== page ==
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Images of a bygone era will always hold an appeal for us. Their romantic simplicity is intriguing and, lucky for us, recreating that vintage look is easy with our modern editing programs. Re-making your photos in old-timey monochrome is a wonderful way to add interest while paying homage to the past. This technique works well with almost any subject matter; from portraits to architecture, the vintage black and white is a classic choice!

Vintage Black & White

I’ll show you just a handful of easy steps in Photoshop Elements to give your images this unique makeover. I chose to use one of my favorite photos from a wedding I recently shot. Please note that the “before” image was previously edited for basic things like color and contrast and I recommend you do those edits (and saving your image) prior to starting this creative treatment!

So, let’s open up the starting image in Photoshop, and I’ll walk you through the rest one step at a time.

  1. Return your colors to the default settings. You can do this by pressing “D”. You should see your color blocks (background and foreground) return to this:

Vintage Black & White

  1. Create a Gradient Map layer (this is different from a Gradient Fill layer) by going to Layer > New Adjustment Layer > Gradient Map.

Vintage Black & White

You should see your photo instantly turn black and white. If not, check that you reset your color defaults correctly.

If your photo looks a bit too light or too dark to you, you can adjust what is called the “color midpoint”. Double click on your gradient bar, which will open a new window. Click on the far left color stop and that should bring up a tiny diamond slider along the bottom edge of your gradient. Pulling this to the right or left shifts the color midpoint, making your image overall darker or lighter, respectively. Settle on a point that you feel works for your image.

Vintage Black & White

  1. Add a color tint to your photo.

For this tutorial, I chose to make a more sepia-toned photo, since this is characteristic of many vintage photos and I personally think the warmer tones are more flattering. But you can play around with other palettes and pick one you like the best. You can simply re-tone your black and white or go with something like a deep navy to light pink. I created a gradient from dark chocolate to a light cream.

From the window we used in #2, you can change the colors of both your dark and light color stops. Simply double click (remember, a single click brings up your midpoint slider) and select the tints. Just be sure to use a light hand here – colors that are within the same family work best and be sure to leave enough contrast between your lights and darks.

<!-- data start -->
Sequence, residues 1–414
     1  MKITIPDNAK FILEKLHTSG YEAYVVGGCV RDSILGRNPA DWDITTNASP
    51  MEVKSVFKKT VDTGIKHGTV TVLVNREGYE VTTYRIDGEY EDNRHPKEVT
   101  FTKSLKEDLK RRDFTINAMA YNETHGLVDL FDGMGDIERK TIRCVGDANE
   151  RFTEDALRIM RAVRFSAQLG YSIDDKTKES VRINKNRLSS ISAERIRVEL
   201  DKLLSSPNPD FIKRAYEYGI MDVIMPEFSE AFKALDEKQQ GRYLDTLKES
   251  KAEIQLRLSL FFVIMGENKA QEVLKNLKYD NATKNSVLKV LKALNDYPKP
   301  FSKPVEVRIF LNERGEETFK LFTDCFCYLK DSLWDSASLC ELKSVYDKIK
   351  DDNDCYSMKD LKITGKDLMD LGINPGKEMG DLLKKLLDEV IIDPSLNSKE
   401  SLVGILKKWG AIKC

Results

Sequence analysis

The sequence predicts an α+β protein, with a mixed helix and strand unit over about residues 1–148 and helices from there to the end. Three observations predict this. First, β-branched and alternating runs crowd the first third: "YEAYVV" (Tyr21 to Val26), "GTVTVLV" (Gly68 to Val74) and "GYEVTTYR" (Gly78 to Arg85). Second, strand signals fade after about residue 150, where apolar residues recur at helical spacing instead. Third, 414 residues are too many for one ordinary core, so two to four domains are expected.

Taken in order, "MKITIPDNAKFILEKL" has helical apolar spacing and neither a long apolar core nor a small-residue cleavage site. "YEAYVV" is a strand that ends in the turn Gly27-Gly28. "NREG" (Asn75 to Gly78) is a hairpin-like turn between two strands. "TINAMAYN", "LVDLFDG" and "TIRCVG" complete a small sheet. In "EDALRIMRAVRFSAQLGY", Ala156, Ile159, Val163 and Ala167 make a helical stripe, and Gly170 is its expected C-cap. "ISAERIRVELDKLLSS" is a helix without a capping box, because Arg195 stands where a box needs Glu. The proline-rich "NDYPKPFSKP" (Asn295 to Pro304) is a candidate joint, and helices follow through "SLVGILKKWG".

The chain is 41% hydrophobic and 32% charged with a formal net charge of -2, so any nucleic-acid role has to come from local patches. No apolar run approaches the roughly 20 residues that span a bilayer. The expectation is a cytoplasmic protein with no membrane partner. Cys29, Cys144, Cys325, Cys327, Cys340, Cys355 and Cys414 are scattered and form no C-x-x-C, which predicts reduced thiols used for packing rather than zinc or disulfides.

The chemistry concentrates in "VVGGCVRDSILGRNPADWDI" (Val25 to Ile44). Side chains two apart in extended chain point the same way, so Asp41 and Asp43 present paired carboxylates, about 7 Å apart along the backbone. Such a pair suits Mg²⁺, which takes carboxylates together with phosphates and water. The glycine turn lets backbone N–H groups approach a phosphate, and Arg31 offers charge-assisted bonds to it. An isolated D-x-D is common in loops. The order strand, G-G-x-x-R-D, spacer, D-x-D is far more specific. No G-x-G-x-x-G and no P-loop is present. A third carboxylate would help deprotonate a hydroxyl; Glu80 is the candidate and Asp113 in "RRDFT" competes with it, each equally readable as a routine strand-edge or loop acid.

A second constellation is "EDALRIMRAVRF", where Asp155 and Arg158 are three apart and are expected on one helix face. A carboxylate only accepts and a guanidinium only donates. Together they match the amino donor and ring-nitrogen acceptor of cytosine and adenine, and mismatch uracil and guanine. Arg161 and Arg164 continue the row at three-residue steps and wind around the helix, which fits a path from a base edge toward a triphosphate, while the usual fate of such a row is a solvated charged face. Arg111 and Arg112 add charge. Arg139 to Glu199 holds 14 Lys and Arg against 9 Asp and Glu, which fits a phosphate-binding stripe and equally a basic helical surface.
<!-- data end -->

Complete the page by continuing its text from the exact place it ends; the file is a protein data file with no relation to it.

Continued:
Vintage Black & White

  1. Create a new brightness/contrast adjustment layer.

Often after tinting your image, you’ll find that your contrast is a bit lacking. This is easily fixed by adding a new layer: Layer > Adjustment Layer > Brightness/Contrast.

Adjust your sliders until you feel satisfied. For this image, I left the brightness alone, but increased the contrast by 24.

Vintage Black & White

  1. Add a vignette.

One of the most characteristic things of old photographs is the presence of a vignette. The shadows around the edges add drama and flare, but are sometimes an overlooked detail.

Create a new layer: Command + Shift + N (on Mac). Select your blending mode as Hard Light and click the box to fill in with 50% gray.

Next, go to Filter > Correct Camera Distortion. This will bring up a new window, in which you won’t be able to see your image (don’t panic!). Move the slider bars to Amount: -50 and Midpoint: +30. This should create a soft and realistic vignette.

Vintage Black & White

  1. Add some grain or noise.

Let’s be honest, vintage photos are never crystal clear and that’s one of the reasons why they’re so charming. With today’s cameras, the image quality is infinitely better so the grain must be manually added back in.

To do this, go to Filter > Noise > Add Noise. I chose to use uniform distribution and a monochromatic tone. It’s a relatively powerful filter, so I only needed just under 5% noise. You can adjust your slider bar to a place where the grain looks best on your particular image.

Vintage Black & White

  1. You’re all done! Don’t forget to flatten your image and save!

Vintage Black & White

Now you know how, in six easy steps, to give your photos a touch of the past. Play around with different tints to make truly unique versions of your modern photos. Thanks for reading and come back soon for another creative photo editing tutorial!